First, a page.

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Two people holding hands and walking together in a park with green grass on a sunny day.
Two people holding hands and walking together in a park with green grass on a sunny day.

How Many Steps a Day Should You Take to Improve Your Heart Health?

It’s Fewer Than You Think, Per a Northwestern Medicine Study

Walking is a simple action with many benefits — including improving heart health. For many years, 10,000 steps per day was a widely shared benchmark but it originates from a 1960s Japanese marketing campaign for a pedometer called Manpo-kei, which translates to “10,000-step meter.”

Every step counts.
— Mercedes Carnethon, PhD

A 2023 Northwestern Medicine study found that older adults (people aged 60 and older) who walk 6,000 to 9,000 steps per day had a 40% to 50% lower risk of cardiovascular disease, such as heart attack or stroke, compared to those who took 2,000 steps per day.

While the distance of each person’s stride is different, walking 6,000 steps equals roughly 2.5 miles and 9,000 steps is a little more than 4 miles.

“This is encouraging news for older adults who might not be physically able to reach 10,000 steps a day,” says Mercedes Carnethon, PhD, vice chair of the Department of Preventive Medicine at Northwestern University Feinberg School of Medicine and co-author of the study. These findings were based on eight studies that involved 20,152 people ages 18 and older. Each participant wore a device to track the number of steps taken, and the researcher tracked participants’ health for six years.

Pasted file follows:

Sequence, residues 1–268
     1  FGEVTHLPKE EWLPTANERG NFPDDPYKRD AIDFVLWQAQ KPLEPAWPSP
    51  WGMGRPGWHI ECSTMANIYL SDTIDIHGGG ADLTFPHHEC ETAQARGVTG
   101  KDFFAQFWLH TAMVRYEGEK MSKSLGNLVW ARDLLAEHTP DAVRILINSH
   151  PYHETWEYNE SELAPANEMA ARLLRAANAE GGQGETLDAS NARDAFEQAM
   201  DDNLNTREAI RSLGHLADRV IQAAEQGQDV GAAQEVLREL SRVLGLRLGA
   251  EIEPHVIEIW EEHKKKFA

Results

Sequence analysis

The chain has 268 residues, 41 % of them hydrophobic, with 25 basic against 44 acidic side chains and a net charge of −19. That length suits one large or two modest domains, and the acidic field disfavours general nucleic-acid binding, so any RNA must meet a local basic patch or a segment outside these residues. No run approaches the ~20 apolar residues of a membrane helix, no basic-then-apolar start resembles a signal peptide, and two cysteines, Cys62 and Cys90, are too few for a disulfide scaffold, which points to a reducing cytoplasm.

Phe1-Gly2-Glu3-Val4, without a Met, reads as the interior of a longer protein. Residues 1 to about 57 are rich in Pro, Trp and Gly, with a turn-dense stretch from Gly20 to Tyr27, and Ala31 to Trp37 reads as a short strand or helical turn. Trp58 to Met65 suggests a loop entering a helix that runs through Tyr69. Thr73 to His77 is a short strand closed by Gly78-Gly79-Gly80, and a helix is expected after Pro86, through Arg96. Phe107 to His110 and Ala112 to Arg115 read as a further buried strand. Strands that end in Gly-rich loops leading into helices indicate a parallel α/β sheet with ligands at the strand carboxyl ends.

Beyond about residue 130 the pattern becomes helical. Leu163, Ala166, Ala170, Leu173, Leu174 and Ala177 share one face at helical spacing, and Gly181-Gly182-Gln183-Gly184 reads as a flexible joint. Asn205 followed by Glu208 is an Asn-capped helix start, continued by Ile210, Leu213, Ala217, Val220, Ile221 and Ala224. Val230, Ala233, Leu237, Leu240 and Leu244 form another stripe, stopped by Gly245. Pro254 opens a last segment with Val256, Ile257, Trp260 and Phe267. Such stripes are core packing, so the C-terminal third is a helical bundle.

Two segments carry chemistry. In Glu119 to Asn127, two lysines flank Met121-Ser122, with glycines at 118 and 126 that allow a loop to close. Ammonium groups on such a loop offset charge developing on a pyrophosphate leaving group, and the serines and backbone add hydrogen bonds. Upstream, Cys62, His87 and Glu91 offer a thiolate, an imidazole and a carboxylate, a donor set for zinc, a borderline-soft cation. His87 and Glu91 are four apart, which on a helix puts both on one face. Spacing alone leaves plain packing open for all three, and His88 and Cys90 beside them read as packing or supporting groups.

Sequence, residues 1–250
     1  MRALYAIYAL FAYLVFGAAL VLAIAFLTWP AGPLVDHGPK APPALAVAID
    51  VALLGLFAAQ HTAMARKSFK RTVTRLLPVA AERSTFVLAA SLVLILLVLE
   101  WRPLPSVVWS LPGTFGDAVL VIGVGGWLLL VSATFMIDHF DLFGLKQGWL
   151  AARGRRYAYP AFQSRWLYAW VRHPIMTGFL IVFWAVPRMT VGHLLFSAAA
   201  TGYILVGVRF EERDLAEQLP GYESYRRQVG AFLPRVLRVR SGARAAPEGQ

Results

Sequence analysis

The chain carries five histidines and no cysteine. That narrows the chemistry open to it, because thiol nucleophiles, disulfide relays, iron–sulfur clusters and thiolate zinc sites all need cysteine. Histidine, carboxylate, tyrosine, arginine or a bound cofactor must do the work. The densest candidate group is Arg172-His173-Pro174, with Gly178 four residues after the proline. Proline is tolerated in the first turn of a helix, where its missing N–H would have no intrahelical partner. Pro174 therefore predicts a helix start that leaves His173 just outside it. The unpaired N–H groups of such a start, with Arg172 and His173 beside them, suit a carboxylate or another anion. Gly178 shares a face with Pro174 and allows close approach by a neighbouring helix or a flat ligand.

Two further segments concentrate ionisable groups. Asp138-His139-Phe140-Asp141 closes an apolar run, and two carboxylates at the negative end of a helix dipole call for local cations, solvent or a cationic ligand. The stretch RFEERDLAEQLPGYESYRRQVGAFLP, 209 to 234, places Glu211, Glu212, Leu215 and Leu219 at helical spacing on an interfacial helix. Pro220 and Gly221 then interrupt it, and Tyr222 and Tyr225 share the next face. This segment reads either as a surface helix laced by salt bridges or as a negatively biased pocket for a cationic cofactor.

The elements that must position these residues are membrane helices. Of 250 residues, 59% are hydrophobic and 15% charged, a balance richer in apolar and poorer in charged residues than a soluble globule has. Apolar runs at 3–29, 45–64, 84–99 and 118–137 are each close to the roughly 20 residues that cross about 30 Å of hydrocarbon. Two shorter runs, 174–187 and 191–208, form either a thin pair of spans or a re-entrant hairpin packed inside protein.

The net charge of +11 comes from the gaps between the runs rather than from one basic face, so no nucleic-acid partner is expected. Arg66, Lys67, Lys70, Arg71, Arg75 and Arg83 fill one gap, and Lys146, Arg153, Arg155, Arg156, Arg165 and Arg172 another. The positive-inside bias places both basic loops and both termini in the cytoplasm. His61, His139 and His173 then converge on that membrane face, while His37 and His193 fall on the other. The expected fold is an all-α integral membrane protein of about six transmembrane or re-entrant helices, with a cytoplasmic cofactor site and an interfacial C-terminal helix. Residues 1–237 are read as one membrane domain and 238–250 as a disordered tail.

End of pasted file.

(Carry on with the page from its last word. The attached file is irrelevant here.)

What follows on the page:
Importance of Walking

Overall, the study showed that any amount of walking — powerwalking or leisurely strolls — can improve heart health and lower the risk of cardiovascular disease in older adults.

The study didn’t find a connection between the number of steps taken and cardiovascular disease for younger adults. However, staying active is key to your overall health and well-being, no matter your age.

Not getting enough physical activity can increase the risk for obesity, Type 2 diabetes and high blood pressure.

How to Incorporate More Steps

For starters: Walk everywhere you can. “We don’t have to put barriers up. It doesn’t matter if you walk slowly or need to take a break — every step counts,” says Dr. Carnethon.

There are many little things you can do to add more steps into your daily routine:

  • Take the stairs
  • Walk during a lunch break
  • Park near the back of the parking lot
  • Pace during TV commercial breaks
  • Enlist a walking buddy
  • Incorporate walking into your commute

In addition to moving more, it’s also important to stay hydrated. Drinking enough water is essential to good heart health.

If you have questions or concerns about your ability to walk, talk to your physician.